Are you using the right motor lubricant for your Singer Featherweight? There are old, original tubes, new tubes and even some new kinds on the market... but are they properly suited for the Singer Featherweight? How would you know? Watch the video tutorial above or scroll down to read through Carmon Henry's tutorial in text format.
We are often asked if this lubricant is appropriate for other vintage Singer Sewing Machines -- and the answer is yes - so long as your vintage Singer motor has motor ports with a felt wick inside. If you are unsure of this, then if your manual indicates that your vintage Singer motor requires motor lubricant, then this lubricant will be perfectly suited for your machine.
Today I want to talk to you about motor and gear lubricant for the Singer Featherweight. There is much discussion about what is the right type of lubricant to use, specifically in the Featherweight motor and the purpose of the lubricant overall. So, I would like to clear up some of that information and also show you where, how and when to use the lubricant as well as tell you about some exciting news and developments here at April 1930's Singer Featherweight Shop.
Original Singer lubricant from the era of the Featherweight is a basic non-flowing, low melting point grease. Non-flowing, meaning that it will generally stay where it is put, and low melting point meaning under low heat, the lubricant will gradually melt and be reduced to its basic lubricating properties.
This is a cutaway view of the Featherweight motor that was given to me by Dave McCallum, and it offers an excellent view of where the lubricant goes inside this motor. The Featherweight motor has two lubricating ports, one on the top by the belt and one on the back of the motor. Inside each port is a felt wick as well as some space to hold the lubricant. When the motor is in use there is a small amount of heat that is generated partially from the friction between the shaft and the bushing and this heat causes the low melting point lubricant to liquefy, wick through the felt and onto the shaft of the motor. If the melting point is too high however, the lubricant will either not melt at all or not flow through the wick unless the motor gets very, very hot - which is not a good thing.
We have spent the last year researching, testing, and having laboratory tests done on the original Singer lubricants in order to supply featherweight owners with a lubricant that would meet the unique needs of the Featherweight. We are pleased to say that we finally have such a lubricant.
But first, let me explain the importance of the proper melting point.
Below is a snapshot of a simple heat and melting point tests to illustrate the melting points of a few of the sewing machine lubricants found today. We simulated the felt wick by placing several different lubricants on a thick felt mat, testing to see how fast they melted and wicked through the felt.
- Lubricant #1 is original Singer motor lubricant from the United Kingdom.
- Lubricant #2 is our newly developed lubricant from the Singer Featherweight Shop.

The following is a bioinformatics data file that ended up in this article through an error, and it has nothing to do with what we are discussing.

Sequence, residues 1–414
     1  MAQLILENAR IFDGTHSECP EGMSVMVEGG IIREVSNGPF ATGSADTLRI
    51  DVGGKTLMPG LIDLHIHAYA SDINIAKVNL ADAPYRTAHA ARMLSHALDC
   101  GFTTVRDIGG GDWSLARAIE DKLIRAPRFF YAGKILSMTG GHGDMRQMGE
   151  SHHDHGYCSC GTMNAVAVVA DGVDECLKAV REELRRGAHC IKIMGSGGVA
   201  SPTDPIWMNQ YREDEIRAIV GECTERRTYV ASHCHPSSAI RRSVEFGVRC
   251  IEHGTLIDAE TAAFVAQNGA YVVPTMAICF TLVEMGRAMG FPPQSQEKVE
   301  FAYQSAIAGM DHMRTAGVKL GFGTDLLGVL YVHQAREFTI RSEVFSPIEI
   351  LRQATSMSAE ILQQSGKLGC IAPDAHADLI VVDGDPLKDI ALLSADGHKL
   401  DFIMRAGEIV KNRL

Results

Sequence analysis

- Lubricant #3 is Original Singer motor lubricant from the US.
- Lubricant #4 is new Singer lubricant in the red/white/pink tube.
- Lubricant #5 is a new white-colored Singer lubricant in the blue and yellow tube.
- Lubricant #6 is "Nova's" syringed lubricant.
- Lubricant #7 is Tri-Flow Grease.
US lubricant was obviously a good motor lubricant according to original Singer standards, but we believe the later UK formula to be better because of its lower melting point. Excess heat is what destroys electric motors and the cooler that you can keep a motor, the better its overall health, life and longevity. Thus, as you can see from the time-lapse in the video above, that the melting point of our new lubricant is within range of the original Singer lubricant from the U.K.. You will notice that the melting point of ours is far less than the US vintage and modern Singer lubricants, as well as the other popular machine lubricants currently on the market. Lubricants #4 and #5 did eventually melt with a significant heat increase. Lubricant #5 left a white-ish powdery residue behind, but it was 4th in line to actually melt. #6 turned a yellowish-brown in color with the temperature increase, but it did not lose form nor did it melt - it actually started to smoke and burn like #7 did. Lubricant #7 did not change color, change shape or melt either. That is because Tri-flow lubricant is not designed to melt and will burn and smoke if the temperature is hot enough. Although Tri-flow is superior in its lubricating properties for places like gears, it is not properly formulated to use in the lube ports of the Singer Featherweight motor.
As you can see from the RPM demonstration we did that the motor to handwheel revolutions only reached a high of 1246 prior to being lubricated. After the old hardened grease was cleaned out of the ports, our new lubricant was added, the the ports were heated with a hairdryer to get the lubricant flowing through the old dry wicks, there was a significant increase in the rpms – up to 1652.